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Today's Stichomancy for Richard Branson

The first excerpt represents the past or something you must release, and is drawn from Camille by Alexandre Dumas:

I talked to him about you, and he promised to tell you about me. I forgot that I had been his mistress, and he tried to make me forget it, too. He is a good friend.

The duke sent yesterday to inquire after me, and this morning he came to see me. I do not know how the old man still keeps alive. He remained with me three hours and did not say twenty words. Two big tears fell from his eyes when he saw how pale I was. The memory of his daughter's death made him weep, no doubt. He will have seen her die twice. His back was bowed, his head bent toward the ground, his lips drooping, his eyes vacant. Age and sorrow weigh with a double weight on his worn-out body. He did not


Camille
The second excerpt represents the present or the deciding factor of the moment, and is drawn from An Old Maid by Honore de Balzac:

At last, on a dull and rainy morning in June, the marriage of Mademoiselle Cormon and the Sieur du Bousquier took place at noon in the parish church of Alencon, in sight of the whole town. The bridal pair went from their own house to the mayor's office, and from the mayor's office to the church in an open caleche, a magnificent vehicle for Alencon, which du Bousquier had sent for secretly to Paris. The loss of the old carriole was a species of calamity in the eyes of the community. The harness-maker of the Porte de Seez bemoaned it, for he lost the fifty francs a year which it cost in repairs. Alencon saw with alarm the possibility of luxury being thus introduced into the town. Every one feared a rise in the price of rents and provisions,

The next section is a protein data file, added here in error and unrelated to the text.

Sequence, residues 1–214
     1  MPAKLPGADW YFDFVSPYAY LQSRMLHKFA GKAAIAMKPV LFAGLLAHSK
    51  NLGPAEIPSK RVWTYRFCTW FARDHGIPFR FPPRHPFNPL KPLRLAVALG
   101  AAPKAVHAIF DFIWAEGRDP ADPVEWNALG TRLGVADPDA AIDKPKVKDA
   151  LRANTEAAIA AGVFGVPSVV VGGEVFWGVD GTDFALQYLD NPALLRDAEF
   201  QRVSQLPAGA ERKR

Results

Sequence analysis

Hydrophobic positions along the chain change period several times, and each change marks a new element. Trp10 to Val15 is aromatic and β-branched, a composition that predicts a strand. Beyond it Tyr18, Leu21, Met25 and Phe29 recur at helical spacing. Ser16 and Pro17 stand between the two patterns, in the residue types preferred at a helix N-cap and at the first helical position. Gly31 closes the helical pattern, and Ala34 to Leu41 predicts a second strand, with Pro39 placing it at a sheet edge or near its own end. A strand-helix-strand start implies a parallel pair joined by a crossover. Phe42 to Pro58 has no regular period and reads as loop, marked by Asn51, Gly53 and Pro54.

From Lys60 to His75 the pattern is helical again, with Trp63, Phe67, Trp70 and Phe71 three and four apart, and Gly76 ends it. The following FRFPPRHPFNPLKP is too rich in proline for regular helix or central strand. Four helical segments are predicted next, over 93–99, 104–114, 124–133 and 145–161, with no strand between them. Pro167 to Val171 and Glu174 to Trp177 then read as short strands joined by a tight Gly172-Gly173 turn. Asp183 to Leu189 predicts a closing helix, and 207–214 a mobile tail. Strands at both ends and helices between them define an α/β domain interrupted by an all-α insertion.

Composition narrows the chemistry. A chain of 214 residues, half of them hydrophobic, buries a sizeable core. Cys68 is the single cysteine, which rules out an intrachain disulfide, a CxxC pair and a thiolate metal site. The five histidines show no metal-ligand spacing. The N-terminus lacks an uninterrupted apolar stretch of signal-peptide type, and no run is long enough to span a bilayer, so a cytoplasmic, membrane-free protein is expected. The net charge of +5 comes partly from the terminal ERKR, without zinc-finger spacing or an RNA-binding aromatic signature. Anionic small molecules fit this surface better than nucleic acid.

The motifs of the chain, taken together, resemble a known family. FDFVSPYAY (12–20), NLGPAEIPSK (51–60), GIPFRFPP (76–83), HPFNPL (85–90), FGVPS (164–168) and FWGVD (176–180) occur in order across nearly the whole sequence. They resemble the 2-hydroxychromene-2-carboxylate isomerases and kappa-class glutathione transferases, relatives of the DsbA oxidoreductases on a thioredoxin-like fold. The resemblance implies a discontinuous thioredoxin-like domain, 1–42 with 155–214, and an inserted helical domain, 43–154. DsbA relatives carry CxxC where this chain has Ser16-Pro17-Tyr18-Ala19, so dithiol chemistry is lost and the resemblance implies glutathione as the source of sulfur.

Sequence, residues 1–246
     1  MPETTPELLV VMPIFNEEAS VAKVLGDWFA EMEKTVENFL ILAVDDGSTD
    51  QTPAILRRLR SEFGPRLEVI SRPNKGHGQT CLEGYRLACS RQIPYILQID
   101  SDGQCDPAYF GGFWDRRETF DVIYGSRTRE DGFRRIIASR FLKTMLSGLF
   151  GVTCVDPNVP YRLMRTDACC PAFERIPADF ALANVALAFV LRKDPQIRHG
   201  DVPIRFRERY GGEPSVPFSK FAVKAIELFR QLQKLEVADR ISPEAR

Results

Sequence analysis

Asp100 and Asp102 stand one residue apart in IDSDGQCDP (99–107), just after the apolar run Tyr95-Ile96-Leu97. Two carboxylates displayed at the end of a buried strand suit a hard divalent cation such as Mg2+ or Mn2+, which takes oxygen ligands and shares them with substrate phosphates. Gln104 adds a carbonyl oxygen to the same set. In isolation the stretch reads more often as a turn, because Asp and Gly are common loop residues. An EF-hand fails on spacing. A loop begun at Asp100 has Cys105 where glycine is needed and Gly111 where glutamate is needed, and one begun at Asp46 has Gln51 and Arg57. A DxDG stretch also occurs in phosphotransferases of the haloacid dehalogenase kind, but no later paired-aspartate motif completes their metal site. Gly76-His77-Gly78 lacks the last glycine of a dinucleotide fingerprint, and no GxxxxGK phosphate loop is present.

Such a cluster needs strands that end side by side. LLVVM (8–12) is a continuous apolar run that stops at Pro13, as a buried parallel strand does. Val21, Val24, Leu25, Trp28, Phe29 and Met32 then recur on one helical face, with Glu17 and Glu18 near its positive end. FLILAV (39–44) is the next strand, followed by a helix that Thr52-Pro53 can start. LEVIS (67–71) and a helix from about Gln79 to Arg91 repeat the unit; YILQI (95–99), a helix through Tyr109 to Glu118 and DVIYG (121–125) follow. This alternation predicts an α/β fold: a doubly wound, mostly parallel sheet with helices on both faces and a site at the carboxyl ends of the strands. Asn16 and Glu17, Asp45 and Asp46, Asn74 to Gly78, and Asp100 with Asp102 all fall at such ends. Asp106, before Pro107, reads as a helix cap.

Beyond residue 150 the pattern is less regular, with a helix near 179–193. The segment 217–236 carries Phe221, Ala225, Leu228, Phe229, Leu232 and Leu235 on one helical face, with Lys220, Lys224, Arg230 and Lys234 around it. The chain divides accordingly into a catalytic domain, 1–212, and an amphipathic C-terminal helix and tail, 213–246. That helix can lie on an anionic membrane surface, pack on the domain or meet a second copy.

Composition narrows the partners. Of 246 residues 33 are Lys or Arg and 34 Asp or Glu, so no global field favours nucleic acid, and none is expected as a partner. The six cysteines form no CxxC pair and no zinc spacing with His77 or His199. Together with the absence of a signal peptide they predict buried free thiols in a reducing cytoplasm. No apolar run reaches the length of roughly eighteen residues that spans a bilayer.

The third excerpt represents the future or something you must embrace, and is drawn from Pivot of Civilization by Margaret Sanger:

settled back, and complacently congratulated itself that the problem of child labor had been settled once and for all.

Conditions are worse to-day than before. Not only is there child labor in practically every State in the Union, but we are now forced to realize the evils that result from child labor, of child laborers now grown into manhood and womanhood. But we wish here to point out a neglected aspect of this problem. Child labor shows us how cheaply we value childhood. And moreover, it shows us that cheap childhood is the inevitable result of chance parenthood. Child labor is organically bound up with the problem of uncontrolled breeding and the large family.